Because of this, most pet gerbils have naturally high energy levels, and large appetites. They’ll eat anything that’s put in front of them, especially high-calorie treats like seeds.
To make up for this, gerbils take whatever exercise opportunities they can get. Most gerbils love running on a wheel, digging, climbing, and exploring gerbil-proofed areas outside the cage.
Regular activity will allow your gerbils to maintain a trim physique. But some pet gerbils are lazy, and won’t exercise as often as they should.
If you have a lazy gerbil, it will slowly put on weight and become larger than your other gerbils. This is because it’s eating the same food, but isn’t burning off as many calories.
5) Your Gerbil Is a Picky Eater
Gerbils need to eat a selection of different foods to get all the nutrients they need. In the wild, gerbils’ diets are extremely varied. They eat a wide variety of plants and insects.
Most owners feed their pet store-bought gerbil food. Gerbil food mixes are well-balanced and contain a mixture of proteins, fats, carbohydrates, fiber, vitamins, and minerals.
However, some gerbils are fussy eaters. They pick and choose which parts of the mixture they eat, and which they leave.
The nutritionally dense, high-fat parts of the food are favored (like sunflower seeds). The low-calorie, ‘healthier’ components, such as hay pellets, get left behind.
This is a leftover evolutionary mechanism that ensures that the gerbil gets enough calories to survive. But pet gerbils have access to more food than wild gerbils, and don’t exercise as much.
So, filling up on high-calorie foods may cause your gerbil to become obese. This can result in one of your gerbils looking fatter than the other.
According to PeerJ, obese gerbils can develop health issues such as metabolic problems and fatty liver disease.
The simplest way to fix this is to buy an extruded gerbil food. It’s made by blending different foods together and forming them into shapes. Each piece of food has the same nutritional value.
6) One Gerbil’s Dominant over Food
When two gerbils live together, they quickly establish a hierarchy of dominance. There is always one ‘leader’ gerbil, and the other one is subordinate to him or her.
However, a gerbil’s time in power doesn’t last forever. Eventually, the other gerbil may try to assert itself as the dominant gerbil.
To maintain its position in the clan, the alpha gerbil frequently reminds the other that it’s the boss. It does this in many ways, such as:
- Chasing the other gerbil
- Mounting the other gerbil
- Preventing the other gerbil from accessing parts of the cage
- Restricting the other gerbil’s food.
If one of your gerbils is stopping the other one eating, this will lead to a size difference. The dominant gerbil will become larger, as it’s consuming more calories. The subordinate gerbil will be thinner.
You can avoid this by feeding your gerbils separately instead of putting a food dish in the shared gerbilarium. Move each gerbil to a separate box and give it food on its own.
7) Your Gerbil Is Sick or Injured
There are many gerbil ailments that can cause a gerbil to lose weight. This is usually because sick gerbils have less of an appetite than healthy gerbils.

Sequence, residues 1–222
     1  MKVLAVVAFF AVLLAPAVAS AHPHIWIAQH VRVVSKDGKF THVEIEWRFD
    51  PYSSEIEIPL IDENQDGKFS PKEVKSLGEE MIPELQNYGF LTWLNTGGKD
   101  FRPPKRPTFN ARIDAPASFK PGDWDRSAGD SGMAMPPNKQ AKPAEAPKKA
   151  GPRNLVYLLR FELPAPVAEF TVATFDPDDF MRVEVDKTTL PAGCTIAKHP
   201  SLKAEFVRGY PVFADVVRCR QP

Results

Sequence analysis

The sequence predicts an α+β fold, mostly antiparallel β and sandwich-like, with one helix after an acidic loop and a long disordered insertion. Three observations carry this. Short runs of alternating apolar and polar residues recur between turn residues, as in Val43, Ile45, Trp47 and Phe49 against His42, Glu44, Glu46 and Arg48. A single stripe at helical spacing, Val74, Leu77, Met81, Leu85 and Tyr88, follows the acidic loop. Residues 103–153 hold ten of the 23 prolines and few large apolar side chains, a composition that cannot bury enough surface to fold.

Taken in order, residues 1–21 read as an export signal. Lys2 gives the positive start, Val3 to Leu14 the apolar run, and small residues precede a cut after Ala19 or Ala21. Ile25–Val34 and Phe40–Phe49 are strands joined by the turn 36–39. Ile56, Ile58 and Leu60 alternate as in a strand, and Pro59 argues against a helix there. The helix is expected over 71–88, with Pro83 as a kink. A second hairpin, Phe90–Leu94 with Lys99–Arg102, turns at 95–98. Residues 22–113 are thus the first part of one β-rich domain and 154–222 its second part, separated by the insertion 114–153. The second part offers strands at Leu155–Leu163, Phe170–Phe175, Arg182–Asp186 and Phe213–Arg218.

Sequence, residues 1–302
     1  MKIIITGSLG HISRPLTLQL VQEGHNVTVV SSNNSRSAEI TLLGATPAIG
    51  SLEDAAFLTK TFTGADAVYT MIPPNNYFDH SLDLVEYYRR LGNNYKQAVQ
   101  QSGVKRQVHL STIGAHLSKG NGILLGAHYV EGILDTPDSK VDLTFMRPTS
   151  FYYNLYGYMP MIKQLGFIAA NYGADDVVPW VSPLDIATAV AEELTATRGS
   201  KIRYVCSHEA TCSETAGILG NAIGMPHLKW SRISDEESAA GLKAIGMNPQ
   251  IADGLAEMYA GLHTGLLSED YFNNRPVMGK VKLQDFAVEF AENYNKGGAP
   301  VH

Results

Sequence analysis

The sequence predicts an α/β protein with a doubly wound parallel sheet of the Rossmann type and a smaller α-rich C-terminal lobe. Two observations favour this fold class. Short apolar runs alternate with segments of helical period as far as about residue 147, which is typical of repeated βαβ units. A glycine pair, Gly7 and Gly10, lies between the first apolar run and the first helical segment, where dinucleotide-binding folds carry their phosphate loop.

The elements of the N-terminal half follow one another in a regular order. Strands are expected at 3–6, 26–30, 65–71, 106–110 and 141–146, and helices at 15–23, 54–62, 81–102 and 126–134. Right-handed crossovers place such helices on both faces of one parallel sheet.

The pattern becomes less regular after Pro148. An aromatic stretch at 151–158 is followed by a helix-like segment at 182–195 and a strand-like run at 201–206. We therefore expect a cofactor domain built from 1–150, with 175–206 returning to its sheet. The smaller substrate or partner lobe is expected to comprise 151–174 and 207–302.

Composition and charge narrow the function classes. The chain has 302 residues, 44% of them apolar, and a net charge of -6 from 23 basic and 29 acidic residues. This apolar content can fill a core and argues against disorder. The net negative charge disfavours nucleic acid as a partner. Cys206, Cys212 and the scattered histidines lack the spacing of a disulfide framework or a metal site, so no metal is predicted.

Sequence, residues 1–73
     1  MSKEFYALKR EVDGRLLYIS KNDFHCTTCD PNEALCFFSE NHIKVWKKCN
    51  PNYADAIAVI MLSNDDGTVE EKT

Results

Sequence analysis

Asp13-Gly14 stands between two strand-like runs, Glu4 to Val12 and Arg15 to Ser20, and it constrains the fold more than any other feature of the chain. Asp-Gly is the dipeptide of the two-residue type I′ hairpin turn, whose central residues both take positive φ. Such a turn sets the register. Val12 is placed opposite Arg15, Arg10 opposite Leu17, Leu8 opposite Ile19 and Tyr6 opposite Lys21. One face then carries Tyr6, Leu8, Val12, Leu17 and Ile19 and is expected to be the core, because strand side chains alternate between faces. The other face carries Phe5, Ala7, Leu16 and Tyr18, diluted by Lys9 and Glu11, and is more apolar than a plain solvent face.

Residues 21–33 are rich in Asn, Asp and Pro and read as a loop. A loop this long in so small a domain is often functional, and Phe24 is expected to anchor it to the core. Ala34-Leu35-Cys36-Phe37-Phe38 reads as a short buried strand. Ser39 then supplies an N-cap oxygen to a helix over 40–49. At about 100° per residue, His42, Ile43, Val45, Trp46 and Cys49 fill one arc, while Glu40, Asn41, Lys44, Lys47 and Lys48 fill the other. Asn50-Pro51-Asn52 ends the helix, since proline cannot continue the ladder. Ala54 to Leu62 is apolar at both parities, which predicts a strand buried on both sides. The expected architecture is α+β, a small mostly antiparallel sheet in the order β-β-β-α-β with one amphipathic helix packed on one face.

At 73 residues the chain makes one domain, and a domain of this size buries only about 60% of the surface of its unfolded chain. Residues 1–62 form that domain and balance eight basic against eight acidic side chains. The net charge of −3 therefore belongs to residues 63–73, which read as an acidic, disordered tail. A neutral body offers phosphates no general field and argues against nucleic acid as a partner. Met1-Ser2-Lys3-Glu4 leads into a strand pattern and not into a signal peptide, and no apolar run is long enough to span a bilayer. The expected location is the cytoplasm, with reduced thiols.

If you’ve ever thought ‘my gerbil is really small’, this may be why. A sick gerbil will usually appear thinner and less active than its healthy cagemate. Some examples of conditions that lead to weight loss include:
- Respiratory infections
- Parasites such as tapeworms
- Digestive obstructions (e.g. from eating plastic)
- Poisoning from eating the wrong foods
- Dental problems such as overgrown teeth
- Tyzzer’s disease
- Injuries, e.g. from fighting. Pain can cause gerbils not to want to eat.
The giveaway that your gerbil is sick, rather than just naturally thin, is if it’s losing weight. Healthy adult gerbils should remain roughly the same weight throughout their lives.
Always take your gerbil for a veterinary checkup if you have concerns about its health. Sick gerbils can die quickly if their affliction is not treated.
Is My Gerbil Too Fat or Too Thin?
If you have two different-sized gerbils, you’re probably wondering which gerbil is the ‘right’ size. Is the smaller gerbil underweight, or is the bigger gerbil too fat?
Mongolian gerbils are not chubby-looking animals. They have short, sleek fur, and toned, streamlined bodies. They’re designed to be agile, and able to move quickly to escape predators.
When it stands on its hind legs, a gerbil’s body should look slim but not bony. So if one of your gerbils looks round, has a stomach pooch or fat rolls, it may be overweight. On the other hand, if its belly is concave or you can see its ribs, it may be underweight.
How Much Should My Gerbil Weigh?
The best way to get an idea of your gerbil’s health is to weigh it.
Adult male gerbils should weigh between 80 and 135 grams. However, adult females should weigh between 70 and 110g.
If your gerbil’s weight is within these guidelines, it is likely healthy. Your gerbils may naturally be different weights, due to individual differences. Even gerbils from the same litter can have different size genetics.
But if your gerbil is outside of these margins, this indicates that it may be an unhealthy weight. According to Veterinary Clinics of North America, a weight of 20% above average indicates obesity.
Weigh your gerbils regularly, not just once. As an adult, a gerbil’s weight should remain stable throughout its life. A gerbil that’s gaining or losing weight should be assessed by a veterinarian.
Your vet will be able to give you advice on how to manage your gerbil’s weight. This may involve adjusting its diet, encouraging exercise, or addressing an underlying health issue.